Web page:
Video footage shows a student arguing with English Language Arts teacher Tiwana Turner in a classroom at Heritage High School on 26 January.
Ms Turner suffered knee and leg injuries as well as a broken leg.
MY TAKE: Good Lord! Schools are insane.
4 – Biden administration takes aim at market influence of Google and Apple App Stores
Washington Examiner reports: The Biden Administration criticized Google and Apple as having undue influence over mobile app stores and called for Congress to pass legislation that would under cut their “gatekeeper” status, the latest sign of anti-Big Tech positioning by the White House.
The Commerce Department’s National Telecommunications and Information Administration released a report on Wednesday making the case for antitrust tech legislation. The report, titled “Competition in the Mobile Application Ecosystem,” examined the prominence of the Apple and Google app stores and noted their approaches to transparency, security, and data collection. The report then called on Congress to pass legislation to rein in their powers over the online market.
NTIA recommended that Congress increase resources to antitrust regulators like the Federal Trade Commission, that it take action to allow the use of third-party app stores, and that it limits or removes restrictions on sideloading, which is the downloading of apps from alternative app markets.
MY TAKE: Sounds good.
This is more evidence of what we all knew: Google and Apple have a chokehold on the app store marketplace, and that needs to change.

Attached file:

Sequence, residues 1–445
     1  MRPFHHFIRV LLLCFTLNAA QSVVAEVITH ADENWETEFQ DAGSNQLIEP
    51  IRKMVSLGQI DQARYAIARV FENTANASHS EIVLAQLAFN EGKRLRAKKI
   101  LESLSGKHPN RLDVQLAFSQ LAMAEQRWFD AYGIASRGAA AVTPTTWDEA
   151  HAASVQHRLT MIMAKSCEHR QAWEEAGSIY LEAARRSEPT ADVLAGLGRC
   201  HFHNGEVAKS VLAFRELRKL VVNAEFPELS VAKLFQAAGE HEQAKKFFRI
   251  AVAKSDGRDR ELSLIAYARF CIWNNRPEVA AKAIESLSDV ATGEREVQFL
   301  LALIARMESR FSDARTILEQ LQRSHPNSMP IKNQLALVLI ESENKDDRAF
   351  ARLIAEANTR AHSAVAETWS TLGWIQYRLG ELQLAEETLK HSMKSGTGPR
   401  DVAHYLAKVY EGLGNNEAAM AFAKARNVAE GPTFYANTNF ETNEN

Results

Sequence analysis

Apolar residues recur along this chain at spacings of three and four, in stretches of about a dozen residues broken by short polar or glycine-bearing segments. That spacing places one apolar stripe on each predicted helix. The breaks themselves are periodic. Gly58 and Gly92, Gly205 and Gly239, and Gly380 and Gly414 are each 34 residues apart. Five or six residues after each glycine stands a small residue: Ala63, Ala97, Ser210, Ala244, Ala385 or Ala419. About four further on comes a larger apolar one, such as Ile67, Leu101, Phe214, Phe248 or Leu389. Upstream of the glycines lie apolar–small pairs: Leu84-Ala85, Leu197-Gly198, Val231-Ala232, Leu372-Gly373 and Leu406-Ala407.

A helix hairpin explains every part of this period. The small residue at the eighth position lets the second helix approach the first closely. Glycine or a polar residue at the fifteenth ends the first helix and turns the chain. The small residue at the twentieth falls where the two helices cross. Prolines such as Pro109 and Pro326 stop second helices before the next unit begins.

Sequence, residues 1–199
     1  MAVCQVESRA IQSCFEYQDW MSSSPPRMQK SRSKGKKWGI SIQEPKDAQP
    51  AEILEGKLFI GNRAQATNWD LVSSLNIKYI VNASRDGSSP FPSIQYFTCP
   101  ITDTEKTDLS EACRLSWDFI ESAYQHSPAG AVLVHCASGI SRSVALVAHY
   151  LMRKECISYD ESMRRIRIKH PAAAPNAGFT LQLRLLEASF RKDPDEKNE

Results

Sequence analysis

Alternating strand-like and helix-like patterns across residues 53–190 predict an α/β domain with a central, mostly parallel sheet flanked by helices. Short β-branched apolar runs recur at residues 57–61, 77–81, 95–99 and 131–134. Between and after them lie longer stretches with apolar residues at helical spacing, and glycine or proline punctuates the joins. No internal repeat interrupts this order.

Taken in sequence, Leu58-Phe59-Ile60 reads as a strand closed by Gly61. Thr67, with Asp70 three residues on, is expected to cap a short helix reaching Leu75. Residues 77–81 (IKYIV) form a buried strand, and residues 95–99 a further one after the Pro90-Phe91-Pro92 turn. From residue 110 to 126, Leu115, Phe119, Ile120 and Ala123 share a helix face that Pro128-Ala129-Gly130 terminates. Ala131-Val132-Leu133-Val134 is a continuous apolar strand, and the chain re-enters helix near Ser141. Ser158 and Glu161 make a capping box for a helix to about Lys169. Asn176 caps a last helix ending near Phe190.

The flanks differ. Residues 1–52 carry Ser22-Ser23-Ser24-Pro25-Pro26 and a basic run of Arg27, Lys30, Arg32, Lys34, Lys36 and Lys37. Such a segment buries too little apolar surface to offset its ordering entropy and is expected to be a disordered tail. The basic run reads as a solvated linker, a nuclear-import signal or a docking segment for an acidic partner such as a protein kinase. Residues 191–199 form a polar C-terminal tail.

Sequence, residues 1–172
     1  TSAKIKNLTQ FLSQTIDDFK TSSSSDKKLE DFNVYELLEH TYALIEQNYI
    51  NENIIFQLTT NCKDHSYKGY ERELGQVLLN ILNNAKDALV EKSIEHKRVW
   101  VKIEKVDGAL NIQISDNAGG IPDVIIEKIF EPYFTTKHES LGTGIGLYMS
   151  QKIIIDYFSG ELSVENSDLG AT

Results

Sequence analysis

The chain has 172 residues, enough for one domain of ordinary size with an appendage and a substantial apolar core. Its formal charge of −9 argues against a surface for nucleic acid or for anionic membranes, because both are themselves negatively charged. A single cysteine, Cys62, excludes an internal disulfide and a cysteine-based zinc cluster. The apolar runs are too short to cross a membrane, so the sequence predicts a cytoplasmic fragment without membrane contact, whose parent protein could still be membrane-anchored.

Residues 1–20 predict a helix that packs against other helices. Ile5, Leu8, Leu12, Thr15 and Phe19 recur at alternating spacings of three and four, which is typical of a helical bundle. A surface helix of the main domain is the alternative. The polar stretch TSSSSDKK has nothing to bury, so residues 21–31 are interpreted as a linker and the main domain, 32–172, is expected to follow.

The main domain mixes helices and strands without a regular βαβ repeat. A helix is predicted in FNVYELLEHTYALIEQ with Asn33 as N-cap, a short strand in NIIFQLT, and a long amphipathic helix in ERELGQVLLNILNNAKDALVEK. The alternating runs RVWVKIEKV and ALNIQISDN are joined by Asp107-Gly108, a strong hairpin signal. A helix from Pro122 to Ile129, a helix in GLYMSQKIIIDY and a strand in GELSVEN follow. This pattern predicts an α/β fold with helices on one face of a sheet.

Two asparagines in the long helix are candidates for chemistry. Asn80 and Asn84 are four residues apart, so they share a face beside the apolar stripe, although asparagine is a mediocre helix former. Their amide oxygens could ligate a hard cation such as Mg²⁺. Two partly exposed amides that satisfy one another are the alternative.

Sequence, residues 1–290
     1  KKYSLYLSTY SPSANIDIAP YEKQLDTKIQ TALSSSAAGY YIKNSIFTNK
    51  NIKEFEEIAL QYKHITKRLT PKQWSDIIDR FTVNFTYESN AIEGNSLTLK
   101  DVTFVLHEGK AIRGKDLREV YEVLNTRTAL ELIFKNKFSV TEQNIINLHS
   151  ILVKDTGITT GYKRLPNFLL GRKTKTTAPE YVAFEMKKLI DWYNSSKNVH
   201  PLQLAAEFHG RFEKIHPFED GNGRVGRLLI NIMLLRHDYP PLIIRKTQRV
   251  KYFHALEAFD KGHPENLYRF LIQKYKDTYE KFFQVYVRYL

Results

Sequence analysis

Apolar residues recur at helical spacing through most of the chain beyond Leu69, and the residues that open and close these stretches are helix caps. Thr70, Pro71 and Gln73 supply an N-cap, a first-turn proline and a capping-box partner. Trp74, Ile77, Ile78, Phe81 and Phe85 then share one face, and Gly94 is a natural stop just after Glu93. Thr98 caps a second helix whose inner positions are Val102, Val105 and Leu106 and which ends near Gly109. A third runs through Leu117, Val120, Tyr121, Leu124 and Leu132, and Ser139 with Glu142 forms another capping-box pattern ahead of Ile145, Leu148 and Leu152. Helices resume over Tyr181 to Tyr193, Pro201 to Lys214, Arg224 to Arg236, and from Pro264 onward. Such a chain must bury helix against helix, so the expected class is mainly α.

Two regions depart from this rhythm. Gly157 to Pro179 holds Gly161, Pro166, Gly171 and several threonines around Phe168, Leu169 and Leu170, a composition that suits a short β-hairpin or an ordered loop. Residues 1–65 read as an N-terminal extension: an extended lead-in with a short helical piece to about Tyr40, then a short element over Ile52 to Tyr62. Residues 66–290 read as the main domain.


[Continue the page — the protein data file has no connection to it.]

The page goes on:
My Open App Markets Act would fix this problem for consumers.https://t.co/bCPVzKrY2K
— Senator Marsha Blackburn (@MarshaBlackburn) February 2, 2023
5 – Federal appeals court strikes down domestic violence gun law
NBC News reports: A federal appeals court ruled Thursday that the government can’t stop people who have domestic violence restraining orders against them from owning guns — the latest domino to fall after the U.S. Supreme Court’s conservative majority set new standards for reviewing the nation’s gun laws.
Police in Texas found a rifle and a pistol at the home of a man who was the subject of a civil protective order that banned him from harassing, stalking or threatening his ex-girlfriend and their child. The order also banned him from having guns.
A federal grand jury indicted the man, who pled guilty. He later challenged his indictment, arguing the law that prevented him from owning a gun was unconstitutional. At first, a federal appeals court ruled against him, saying that it was more important for society to keep guns out of the hands of people accused of domestic violence than it was to protect a person’s individual right to own a gun.
But then last year, the U.S. Supreme Court issued a new ruling in a case known as New York State Rifle & Pistol Association v. Bruen. That case set new standards for interpreting the Second Amendment by saying the government had to justify gun control laws by showing they are “consistent with the Nation’s historical tradition of firearm regulation.”
MY TAKE: This one’s tricky. What do you think? Let us know in the comments.
The appeals court withdrew its original decision and on Thursday decided to vacate the man’s conviction and ruled the federal law banning people subject to domestic violence restraining orders from owning guns was unconstitutional. https://t.co/pBC0ZEPln4
— NBC News (@NBCNews) February 3, 2023